Episode 30 – Prehistoric Poop

Listen to Episode 30 at PodBean, iTunes, or your favorite podcast-place!

Everybody poops! Including prehistoric creatures throughout time! This episode, we discuss the incredible diversity and utility of millions of years’ worth of fossilized feces: coprolites!

In the news
Some plants are evolving away from defensive traits now that animals are exploiting them.
Two long-separated raven lineages seem to be undergoing “reverse speciation”
Why are armored dinosaurs so often fossilized upside-down? An answer!
Long-lived sponges record millennia of ocean chemistry in their huge spines.

The Wonderful World of Poop

Coprolites are fossilized feces. They’re not quite as common as bones and teeth in the fossil record, but they are as diverse as the animals that produce them, and ever since Reverend William Buckland first invented the word “coprolite” in 1829 (learn some coprolite history here), they have been revealing incredible information about ancient life that no other fossils provide.

Once you’ve identified a coprolite (no easy task) and linked it to a probably pooper (even harder!), there’s a long list of insights you can glean. This episode was mostly a list of cool studies that show the kind of information we can learn from coprolites, so here’s a bunch of them:

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Shark coprolites often have a distinctive spiral shape that makes them a bit easier to identify. Image by James St. John, Flickr, taken at the Sternberg Museum

Coprolites can tell us about ancient diets:
Chin et al. 2017. Dinosaur coprolites showed that some plant-eaters also took in crustaceans.
Marlar et al. 2000. A human coprolite with remains of human muscle tissue – evidence of cannibalism!
Chin et al. 1998. A 44-centimeter “king-sized coprolite” full of bone fragments probably came from Tyrannosaurus and reveals how the dinosaur ate and digested its food.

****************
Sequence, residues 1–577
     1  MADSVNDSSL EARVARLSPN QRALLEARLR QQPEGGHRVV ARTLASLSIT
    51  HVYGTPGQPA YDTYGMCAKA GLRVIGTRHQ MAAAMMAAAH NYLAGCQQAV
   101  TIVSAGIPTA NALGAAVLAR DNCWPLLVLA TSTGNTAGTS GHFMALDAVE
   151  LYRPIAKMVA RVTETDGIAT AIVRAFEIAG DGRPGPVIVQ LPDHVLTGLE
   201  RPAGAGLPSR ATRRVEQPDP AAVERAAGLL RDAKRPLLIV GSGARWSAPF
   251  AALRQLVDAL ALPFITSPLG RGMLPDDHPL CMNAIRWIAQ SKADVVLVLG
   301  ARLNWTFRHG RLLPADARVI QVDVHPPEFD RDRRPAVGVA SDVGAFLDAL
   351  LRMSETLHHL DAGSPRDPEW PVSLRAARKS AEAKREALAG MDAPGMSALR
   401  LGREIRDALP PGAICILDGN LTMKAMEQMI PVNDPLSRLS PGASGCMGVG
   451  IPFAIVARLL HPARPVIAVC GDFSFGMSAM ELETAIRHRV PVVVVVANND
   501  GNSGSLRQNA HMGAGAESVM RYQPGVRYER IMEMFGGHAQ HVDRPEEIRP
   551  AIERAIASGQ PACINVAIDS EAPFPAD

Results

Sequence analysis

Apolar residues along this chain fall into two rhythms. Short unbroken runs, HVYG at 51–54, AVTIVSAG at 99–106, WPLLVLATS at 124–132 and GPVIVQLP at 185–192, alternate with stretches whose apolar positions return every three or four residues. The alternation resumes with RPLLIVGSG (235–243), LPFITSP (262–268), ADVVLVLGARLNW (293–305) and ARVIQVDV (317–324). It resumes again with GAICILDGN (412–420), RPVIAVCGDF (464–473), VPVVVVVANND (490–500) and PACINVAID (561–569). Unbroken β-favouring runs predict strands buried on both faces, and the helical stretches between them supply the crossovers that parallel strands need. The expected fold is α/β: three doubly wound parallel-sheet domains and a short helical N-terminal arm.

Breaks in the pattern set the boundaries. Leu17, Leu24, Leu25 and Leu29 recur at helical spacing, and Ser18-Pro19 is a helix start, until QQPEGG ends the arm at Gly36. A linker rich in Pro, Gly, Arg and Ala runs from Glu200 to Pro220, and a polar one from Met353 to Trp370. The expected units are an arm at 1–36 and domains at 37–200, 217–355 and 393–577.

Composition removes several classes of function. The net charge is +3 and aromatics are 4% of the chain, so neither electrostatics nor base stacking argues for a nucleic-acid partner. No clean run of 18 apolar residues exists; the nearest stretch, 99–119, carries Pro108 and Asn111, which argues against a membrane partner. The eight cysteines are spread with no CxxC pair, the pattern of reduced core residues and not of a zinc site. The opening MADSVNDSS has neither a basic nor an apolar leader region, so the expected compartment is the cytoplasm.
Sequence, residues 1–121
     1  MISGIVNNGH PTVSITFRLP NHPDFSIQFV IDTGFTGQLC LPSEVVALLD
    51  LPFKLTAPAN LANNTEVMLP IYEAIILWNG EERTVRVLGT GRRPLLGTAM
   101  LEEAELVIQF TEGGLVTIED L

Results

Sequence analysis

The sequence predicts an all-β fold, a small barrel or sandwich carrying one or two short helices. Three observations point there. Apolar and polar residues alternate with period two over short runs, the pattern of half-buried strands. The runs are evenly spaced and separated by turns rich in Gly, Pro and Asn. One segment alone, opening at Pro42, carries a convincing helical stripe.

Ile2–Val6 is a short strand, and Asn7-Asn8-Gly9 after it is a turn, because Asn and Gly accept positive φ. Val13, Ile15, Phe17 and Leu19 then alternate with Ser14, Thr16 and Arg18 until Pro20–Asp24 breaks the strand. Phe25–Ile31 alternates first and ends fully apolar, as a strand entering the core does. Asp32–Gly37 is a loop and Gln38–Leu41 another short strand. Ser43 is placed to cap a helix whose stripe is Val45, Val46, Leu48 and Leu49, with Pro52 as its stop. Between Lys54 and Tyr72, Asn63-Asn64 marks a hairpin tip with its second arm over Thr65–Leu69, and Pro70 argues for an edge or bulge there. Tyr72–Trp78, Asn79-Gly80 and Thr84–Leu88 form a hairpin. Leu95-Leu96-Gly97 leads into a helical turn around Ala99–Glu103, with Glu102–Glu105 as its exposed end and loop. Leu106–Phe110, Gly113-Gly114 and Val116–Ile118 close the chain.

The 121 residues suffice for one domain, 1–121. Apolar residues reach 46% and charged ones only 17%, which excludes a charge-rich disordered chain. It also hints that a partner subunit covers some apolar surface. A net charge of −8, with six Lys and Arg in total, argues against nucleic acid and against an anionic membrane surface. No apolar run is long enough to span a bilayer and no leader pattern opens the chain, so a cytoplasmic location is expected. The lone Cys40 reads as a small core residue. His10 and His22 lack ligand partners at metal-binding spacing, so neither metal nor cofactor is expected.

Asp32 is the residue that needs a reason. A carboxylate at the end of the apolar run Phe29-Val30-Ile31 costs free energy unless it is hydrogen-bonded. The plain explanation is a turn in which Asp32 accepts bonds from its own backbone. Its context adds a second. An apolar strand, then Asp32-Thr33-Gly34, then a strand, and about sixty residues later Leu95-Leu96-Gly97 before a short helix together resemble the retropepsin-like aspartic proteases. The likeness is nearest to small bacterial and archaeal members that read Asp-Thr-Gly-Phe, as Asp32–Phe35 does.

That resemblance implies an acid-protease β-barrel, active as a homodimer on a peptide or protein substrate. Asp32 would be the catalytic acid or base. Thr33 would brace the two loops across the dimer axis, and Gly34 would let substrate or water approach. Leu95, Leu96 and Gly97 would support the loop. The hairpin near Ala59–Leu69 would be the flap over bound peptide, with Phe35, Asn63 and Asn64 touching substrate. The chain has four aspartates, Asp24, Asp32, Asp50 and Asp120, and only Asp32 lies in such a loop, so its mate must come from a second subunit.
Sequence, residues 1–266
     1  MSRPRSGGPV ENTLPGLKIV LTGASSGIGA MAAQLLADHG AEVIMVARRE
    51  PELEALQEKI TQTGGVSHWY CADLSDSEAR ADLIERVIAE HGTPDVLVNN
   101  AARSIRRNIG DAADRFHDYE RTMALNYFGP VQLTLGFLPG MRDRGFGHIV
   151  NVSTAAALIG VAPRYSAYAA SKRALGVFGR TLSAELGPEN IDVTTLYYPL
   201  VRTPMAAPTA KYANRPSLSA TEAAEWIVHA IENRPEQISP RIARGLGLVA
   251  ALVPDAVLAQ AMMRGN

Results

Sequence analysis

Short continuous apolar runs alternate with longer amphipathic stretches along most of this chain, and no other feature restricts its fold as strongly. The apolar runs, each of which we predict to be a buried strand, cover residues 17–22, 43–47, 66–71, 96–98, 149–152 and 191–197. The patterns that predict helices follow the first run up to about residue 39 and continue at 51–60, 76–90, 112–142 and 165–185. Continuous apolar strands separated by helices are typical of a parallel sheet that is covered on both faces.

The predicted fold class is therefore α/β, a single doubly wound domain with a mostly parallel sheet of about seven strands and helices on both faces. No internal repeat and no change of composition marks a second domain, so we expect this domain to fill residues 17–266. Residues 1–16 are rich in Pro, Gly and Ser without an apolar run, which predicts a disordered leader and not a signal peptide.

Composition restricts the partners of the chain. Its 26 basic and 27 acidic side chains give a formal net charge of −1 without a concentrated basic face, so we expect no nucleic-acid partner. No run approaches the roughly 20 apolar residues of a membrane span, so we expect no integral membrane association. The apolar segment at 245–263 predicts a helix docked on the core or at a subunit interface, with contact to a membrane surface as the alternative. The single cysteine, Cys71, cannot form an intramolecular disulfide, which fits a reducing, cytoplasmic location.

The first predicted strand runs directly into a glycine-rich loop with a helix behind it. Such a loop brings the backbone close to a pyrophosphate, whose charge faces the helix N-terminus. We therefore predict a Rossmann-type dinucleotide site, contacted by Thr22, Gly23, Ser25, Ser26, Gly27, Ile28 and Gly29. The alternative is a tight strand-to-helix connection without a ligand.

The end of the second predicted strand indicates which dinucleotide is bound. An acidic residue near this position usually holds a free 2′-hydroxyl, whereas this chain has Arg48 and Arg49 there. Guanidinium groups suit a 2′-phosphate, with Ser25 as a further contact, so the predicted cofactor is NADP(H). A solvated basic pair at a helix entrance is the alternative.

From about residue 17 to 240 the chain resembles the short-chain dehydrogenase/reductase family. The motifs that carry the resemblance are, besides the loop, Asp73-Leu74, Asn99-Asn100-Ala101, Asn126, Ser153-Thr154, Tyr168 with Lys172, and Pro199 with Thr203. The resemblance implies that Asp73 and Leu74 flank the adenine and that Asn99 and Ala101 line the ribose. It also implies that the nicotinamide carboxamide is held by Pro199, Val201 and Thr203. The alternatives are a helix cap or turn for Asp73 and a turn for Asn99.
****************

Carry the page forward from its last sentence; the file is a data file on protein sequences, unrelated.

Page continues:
Boast et al. 2018. Ancient DNA from New Zealand moa and kakapo coprolites hint at the ecological roles these birds played before most of them died out.
Godfrey and Smith 2010. This coprolite has shark bite marks preserved in it!

Precious_the_Coprolite_Courtesy_of_the_Poozeum
That’s a whopper! According to the Poozeum, “Precious” here is the largest true-to-form coprolite in the world, at 20cm long and still intact! Image from the Poozeum via Wikimedia Commons.

Coprolites can tell us what lived where and when:
Prasad et al. 2005. Dinosaur coprolites from the Cretaceous hold an unexpected ancient variety of grasses: evidence for grass evolution … from poop!
Yates et al. 2012. The first freshwater bivalves known from the Early Triassic came from dung! The authors call coprolites “microenvironments of exceptional preservation.”
Chin and Gill 1996. Dinosaur feces shows evidence of burrowing by dung beetles! In fact, dung beetles left poop-y trace fossils all over the fossil record!
Fossilized poop from Oregon has been proposed as the oldest evidence of humans in North America (though this is disputed).

Coprolite_with_Distinct_Vertebrate_Bite_Marks
This incredibly unique coprolite was bitten by some vertebrate animal, which left bite marks on top and bottom! Image from the Poozeum via Wikimedia Commons.

Coprolites can reveal the history of parasites!
Dentzien-Dias et al. 2013. These spiral-shaped shark coprolites, 270 million years old, held almost 100 tiny tapeworm eggs: the oldest evidence of tapeworms in a vertebrate.
Poinar and Boucot 2006. Protist and worm parasites in dinosaur coprolites!
Lafferty and Hopkins 2018. Ancient DNA from moa poop reveals lots of parasites died out with the birds.

More on coprolites:
A great article about coprolite research at Earth Magazine.
Lots of pictures at Oceans of Kansas.
And check out George Frandsen’s Poozeum.

Special thanks to the folks who suggested great coprolite studies on Twitter, and to our pal Jim Mead for sharing his excrement expertise!

For more from us, follow Common Descent on Twitter, Facebook, and Patreon.

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2 thoughts on “Episode 30 – Prehistoric Poop

  1. Chip Ingraham March 15, 2018 / 8:28 pm

    Keep up the great work guys! I really enjoy your podcast and look forward to every one!

    Like

    • commondescentpc March 15, 2018 / 8:40 pm

      Thanks!
      We’re glad to hear our ramblings on poop (and other topics) are being enjoyed.

      Like

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